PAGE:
British Interception of the Zimmermann Telegram:

As the ciphertext of the telegram was transmitted through Britain, it was immediately intercepted by British codebreakers who were monitoring traffic originating in Germany. Sent to the Admiralty's Room 40, codebreakers found that it was encrypted in cipher 0075 which they had partially broken. Decoding parts of the message, they were able to develop an outline of its content.

Realizing that they possessed a document that could compel the United State to join the Allies, the British set about developing a plan that would allow them to unveil the telegram without giving away that they were reading neutral diplomatic traffic or that they had broken German codes. To deal with the first issue, they were able to correctly guess that the telegram was sent over commercial wires from Washington to Mexico City. In Mexico, British agents were able to obtain a copy of the ciphertext from the telegraph office.

This was encrypted in cipher 13040, which the British had captured a copy of in the Middle East. As a result, by mid-February, British authorities had the complete text of the telegram. To deal with the code breaking issue, the British publicly lied and claimed they had been able to steal a decoded copy of the telegram in Mexico. They ultimately alerted the Americans to their code breaking efforts and Washington elected to back the British cover story. On February 19, 1917, Admiral Sir William Hall, the head of Room 40, presented a copy of the telegram to the secretary of the US Embassy, William Hall.

Stunned, Hall initially believed the telegram to be a forgery, but passed it on to Ambassador Walter Page the next day. On February 23, Page met with Foreign Minister Arthur Balfour and was shown the original ciphertext as well as the message in both German and English. The next day, the telegram and verifying details were presented to Wilson.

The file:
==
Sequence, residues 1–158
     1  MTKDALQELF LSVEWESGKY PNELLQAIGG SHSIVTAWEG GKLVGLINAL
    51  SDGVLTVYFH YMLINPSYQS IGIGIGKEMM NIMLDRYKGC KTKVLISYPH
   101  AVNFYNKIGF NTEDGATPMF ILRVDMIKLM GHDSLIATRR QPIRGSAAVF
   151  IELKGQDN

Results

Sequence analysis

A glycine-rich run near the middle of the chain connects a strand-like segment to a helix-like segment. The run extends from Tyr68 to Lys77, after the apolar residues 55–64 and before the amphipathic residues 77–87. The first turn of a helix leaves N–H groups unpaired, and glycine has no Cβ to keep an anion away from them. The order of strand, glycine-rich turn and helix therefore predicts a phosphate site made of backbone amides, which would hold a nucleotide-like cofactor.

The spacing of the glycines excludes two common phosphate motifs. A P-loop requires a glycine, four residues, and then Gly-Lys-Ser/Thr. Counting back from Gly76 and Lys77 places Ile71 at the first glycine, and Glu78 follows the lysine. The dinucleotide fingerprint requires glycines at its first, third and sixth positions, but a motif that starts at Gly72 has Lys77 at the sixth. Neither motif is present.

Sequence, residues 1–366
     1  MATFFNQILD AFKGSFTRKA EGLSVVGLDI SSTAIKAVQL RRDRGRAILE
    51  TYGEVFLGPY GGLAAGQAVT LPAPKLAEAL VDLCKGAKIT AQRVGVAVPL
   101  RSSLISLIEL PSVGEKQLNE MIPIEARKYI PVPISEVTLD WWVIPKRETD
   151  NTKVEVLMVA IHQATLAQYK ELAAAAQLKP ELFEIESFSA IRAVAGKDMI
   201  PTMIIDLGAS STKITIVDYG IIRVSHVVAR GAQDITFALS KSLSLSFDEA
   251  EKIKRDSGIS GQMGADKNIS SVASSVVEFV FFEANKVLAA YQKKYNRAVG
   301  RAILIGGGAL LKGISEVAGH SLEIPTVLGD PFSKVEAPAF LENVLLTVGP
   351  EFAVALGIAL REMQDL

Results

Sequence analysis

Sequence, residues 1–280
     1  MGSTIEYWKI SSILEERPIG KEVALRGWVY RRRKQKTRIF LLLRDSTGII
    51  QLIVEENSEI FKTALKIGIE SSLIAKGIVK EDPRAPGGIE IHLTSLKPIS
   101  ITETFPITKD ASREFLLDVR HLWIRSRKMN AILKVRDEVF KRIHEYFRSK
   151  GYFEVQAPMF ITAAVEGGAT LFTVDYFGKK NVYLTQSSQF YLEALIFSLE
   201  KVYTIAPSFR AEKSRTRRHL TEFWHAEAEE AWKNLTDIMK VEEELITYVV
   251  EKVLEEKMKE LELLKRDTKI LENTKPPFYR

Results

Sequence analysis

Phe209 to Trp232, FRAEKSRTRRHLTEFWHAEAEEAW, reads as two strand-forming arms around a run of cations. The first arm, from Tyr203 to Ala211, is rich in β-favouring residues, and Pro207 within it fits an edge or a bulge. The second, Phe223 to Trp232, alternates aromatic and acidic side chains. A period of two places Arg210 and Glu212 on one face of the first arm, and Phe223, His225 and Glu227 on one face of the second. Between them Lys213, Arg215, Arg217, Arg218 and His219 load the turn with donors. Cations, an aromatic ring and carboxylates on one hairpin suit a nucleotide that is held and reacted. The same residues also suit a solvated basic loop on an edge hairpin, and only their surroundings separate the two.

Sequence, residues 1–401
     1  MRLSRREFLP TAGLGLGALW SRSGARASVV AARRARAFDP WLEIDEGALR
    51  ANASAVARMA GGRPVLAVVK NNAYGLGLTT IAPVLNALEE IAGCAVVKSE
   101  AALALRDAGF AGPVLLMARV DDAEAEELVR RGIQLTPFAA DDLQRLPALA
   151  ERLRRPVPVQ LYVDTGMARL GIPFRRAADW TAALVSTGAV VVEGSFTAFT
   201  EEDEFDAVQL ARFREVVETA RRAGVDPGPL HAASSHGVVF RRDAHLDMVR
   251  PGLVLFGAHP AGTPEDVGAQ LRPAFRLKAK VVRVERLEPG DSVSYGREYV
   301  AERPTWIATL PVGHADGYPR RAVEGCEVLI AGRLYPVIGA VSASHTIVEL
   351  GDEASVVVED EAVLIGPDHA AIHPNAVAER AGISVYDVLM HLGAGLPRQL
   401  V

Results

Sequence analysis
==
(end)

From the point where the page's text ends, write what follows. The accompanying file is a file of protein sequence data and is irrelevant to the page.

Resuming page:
American Response to the Zimmermann Telegram:

News of the Zimmermann Telegram quickly released and stories about its contents appeared in the American press on March 1. While pro-German and anti-war groups claimed that it was a forgery, Zimmermann confirmed the telegram's contents on March 3 and March 29. Further inflaming the American public, which was angered over the resumption of unrestricted submarine warfare (Wilson broke diplomatic relations with Germany on February 3 over this issue) and the sinking SS Houstonic (February 3) and SS California (February 7), the telegram further pushed the nation towards war. On April 2, Wilson asked Congress to declare war on Germany. This was granted four days later and the United States entered the conflict.

Selected Sources

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  3. Military History
  4. Conflicts & Battles
  5. Battles & Wars: 1900s
  6. World War I
  7. Zimmermann Telegram - Zimmermann Telegram 1917